Google may shut off search function rather than pay for news content

Google may shut off search function rather than pay for news content
Google is considering switching off its search function for Australian users as local news organisations fight for their content to be paid for.
The tech giant's Australian managing editor Mel Silva said it was prepared to exit the Australian market over a proposed media bargaining code.
"If this version of the code were to become law, it would give us no real choice but to stop making Google Search available in Australia," she told a Senate inquiry.
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Google is currently profiting off Australian news outlets without paying for it. (AP)
"Now that would be a bad outcome for us, but also for the Australian people, media diversity, and the small businesses who use our products every day."
"It's not a threat. It's a reality."
One of the largest companies in the world, Google has an estimated value of more than a trillion dollars.
News organisations in Australia have accused Google and Facebook of profiting off their content without paying anything for it.
The Senate economics committee is examining the Federal Government's proposed media bargaining code bill.
Google Australia Managing Director Mel Silva at the Google Pyrmont offices in Sydney. (Kate Geraghty/The Sydney Morning Herald)
The legislation aims to force digital platforms to pay media companies for news content, and follows a 12-month review into Google and Facebook by the competition watchdog.
Google and Facebook will also give evidence, before representatives from Nine, the publisher of this website, News Corp, Guardian Australia and the AAP.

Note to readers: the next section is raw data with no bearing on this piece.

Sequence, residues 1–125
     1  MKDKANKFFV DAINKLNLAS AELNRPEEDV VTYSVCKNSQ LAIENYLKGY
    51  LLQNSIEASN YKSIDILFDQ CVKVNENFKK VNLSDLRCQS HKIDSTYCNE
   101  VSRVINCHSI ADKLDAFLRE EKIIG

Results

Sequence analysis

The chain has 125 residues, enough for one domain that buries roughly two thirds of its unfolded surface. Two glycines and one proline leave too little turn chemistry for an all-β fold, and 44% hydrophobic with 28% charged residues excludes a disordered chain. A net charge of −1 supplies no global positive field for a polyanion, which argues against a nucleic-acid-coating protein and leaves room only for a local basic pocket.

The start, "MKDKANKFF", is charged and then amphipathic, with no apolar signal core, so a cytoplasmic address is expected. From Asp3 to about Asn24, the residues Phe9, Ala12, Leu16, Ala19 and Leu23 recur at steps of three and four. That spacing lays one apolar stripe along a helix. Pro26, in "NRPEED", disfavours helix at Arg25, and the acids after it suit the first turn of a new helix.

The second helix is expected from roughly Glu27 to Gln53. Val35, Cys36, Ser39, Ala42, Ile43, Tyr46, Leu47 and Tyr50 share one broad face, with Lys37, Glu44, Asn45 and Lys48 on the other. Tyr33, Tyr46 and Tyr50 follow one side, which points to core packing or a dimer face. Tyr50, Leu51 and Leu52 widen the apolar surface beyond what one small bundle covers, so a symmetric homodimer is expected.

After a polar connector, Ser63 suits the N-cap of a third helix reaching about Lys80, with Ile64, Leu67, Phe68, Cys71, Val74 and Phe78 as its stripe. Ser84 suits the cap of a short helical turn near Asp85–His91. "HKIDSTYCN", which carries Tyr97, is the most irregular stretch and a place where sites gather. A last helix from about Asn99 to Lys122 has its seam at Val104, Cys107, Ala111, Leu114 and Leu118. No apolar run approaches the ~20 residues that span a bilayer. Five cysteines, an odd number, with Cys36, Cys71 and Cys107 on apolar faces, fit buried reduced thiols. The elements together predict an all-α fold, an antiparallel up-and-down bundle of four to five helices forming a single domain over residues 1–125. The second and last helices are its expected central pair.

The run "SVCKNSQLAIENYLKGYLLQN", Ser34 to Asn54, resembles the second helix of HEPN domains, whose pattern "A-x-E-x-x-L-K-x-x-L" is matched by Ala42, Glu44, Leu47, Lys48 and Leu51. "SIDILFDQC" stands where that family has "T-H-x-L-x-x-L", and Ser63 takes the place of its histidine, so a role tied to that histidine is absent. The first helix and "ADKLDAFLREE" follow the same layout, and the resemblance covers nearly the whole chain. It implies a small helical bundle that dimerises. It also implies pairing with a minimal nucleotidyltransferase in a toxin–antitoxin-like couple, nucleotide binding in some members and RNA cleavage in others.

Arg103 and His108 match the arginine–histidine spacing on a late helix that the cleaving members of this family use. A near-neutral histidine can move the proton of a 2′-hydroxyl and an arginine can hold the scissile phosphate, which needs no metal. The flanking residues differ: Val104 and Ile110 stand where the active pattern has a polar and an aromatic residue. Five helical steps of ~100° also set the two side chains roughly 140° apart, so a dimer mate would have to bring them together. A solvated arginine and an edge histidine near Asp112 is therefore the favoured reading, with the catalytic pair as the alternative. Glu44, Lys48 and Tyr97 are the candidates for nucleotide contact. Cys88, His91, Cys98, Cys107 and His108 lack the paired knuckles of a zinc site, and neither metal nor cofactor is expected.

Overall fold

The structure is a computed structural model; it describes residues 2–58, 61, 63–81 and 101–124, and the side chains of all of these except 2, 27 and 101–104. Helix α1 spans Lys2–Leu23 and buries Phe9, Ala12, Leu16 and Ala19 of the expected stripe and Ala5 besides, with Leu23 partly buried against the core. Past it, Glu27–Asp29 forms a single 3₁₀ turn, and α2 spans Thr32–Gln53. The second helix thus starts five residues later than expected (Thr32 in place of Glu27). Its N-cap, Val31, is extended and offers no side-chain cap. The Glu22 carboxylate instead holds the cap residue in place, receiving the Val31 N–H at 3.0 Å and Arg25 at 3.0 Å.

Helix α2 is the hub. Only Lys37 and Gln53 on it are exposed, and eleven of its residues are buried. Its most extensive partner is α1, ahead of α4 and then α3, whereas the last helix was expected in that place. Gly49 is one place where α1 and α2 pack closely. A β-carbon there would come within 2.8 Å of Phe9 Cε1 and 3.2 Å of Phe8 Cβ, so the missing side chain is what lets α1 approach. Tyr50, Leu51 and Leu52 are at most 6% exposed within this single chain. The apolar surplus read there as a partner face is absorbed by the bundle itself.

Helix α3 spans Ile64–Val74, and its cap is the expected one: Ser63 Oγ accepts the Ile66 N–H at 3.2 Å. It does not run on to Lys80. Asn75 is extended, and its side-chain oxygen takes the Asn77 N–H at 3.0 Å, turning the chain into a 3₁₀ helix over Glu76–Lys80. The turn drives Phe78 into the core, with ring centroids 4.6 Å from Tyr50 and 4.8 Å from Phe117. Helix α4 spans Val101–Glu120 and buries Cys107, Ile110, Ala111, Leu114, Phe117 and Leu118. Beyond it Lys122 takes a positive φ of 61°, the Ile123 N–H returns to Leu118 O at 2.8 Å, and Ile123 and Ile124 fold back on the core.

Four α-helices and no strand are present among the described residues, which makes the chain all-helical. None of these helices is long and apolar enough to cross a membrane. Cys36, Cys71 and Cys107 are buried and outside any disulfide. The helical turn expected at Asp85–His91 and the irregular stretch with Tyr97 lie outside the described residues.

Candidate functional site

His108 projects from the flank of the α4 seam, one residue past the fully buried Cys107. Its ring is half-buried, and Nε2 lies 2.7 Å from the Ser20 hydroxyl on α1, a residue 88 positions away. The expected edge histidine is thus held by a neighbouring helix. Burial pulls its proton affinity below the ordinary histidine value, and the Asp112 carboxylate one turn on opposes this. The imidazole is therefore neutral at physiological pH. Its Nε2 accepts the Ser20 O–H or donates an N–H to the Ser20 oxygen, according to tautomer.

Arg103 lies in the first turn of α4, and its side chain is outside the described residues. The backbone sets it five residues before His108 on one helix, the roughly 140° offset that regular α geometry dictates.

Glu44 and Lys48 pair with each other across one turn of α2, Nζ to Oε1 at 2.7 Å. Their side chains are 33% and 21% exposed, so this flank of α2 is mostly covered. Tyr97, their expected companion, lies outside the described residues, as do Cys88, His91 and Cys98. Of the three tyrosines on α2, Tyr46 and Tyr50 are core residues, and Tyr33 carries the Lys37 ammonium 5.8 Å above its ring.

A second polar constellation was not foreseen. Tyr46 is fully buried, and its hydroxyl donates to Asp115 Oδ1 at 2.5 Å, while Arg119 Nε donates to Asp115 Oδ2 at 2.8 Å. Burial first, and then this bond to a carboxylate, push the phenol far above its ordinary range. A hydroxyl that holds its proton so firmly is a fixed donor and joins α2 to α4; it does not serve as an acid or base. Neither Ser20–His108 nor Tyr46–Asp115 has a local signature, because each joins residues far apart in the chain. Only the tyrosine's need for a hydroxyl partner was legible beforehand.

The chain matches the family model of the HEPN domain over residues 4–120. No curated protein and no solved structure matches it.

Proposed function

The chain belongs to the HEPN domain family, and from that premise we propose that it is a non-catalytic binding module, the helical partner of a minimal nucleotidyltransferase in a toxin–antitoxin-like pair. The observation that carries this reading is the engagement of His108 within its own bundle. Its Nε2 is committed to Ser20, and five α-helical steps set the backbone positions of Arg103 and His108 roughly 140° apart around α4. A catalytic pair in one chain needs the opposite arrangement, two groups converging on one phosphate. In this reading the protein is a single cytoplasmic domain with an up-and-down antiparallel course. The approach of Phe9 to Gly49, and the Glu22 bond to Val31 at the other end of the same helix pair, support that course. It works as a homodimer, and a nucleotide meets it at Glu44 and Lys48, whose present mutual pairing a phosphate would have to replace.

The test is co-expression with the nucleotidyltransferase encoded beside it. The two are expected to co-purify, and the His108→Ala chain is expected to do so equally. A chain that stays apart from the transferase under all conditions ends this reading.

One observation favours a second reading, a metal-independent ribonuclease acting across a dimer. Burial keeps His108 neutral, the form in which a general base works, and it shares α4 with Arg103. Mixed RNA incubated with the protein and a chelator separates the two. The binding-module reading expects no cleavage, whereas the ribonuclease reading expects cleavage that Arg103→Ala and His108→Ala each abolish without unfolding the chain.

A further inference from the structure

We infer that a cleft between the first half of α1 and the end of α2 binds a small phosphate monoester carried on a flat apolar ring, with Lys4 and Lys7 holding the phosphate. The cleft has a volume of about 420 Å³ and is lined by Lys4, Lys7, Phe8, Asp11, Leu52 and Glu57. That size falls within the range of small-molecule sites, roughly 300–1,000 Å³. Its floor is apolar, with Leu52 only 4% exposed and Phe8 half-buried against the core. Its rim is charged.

The inquiry will also hear from Free TV Australia, the ABC and SBS, and the ACCC.
You can livestream the hearing at
Nine's Chief Digital and Publishing Officer, Chris Janz, said regulation was crucial.
"Without an effective code, there simply won't be the money to employ the journalists we have working in Australian media companies today," Mr Janz told the Sydney Morning Herald.
"They built the services they have today off the back of our content. If they hadn't had unfettered and free access to our content, they would not have become the monopolies they are today."
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Google carpet at the entrance hall of Google France in Paris. (AP)
Mr Janz also highlighted Google's recent decision to temporarily remove some Australian news content in search results.
Google said this was an 'experiment' ... 'to measure the impacts of news businesses and Google search on each other'.
"They effectively wiped local news off the face of the internet with one decision made out of California. They have power and they are not afraid to use it," Mr Janz added.
Google and Facebook executive will also give evidence at the hearing, where they will argue against the code. Google claims the proposed code will "break the way Google search works".
Federal Parliament is expected to vote on the bill early this year after the committee delivers its report on February 12.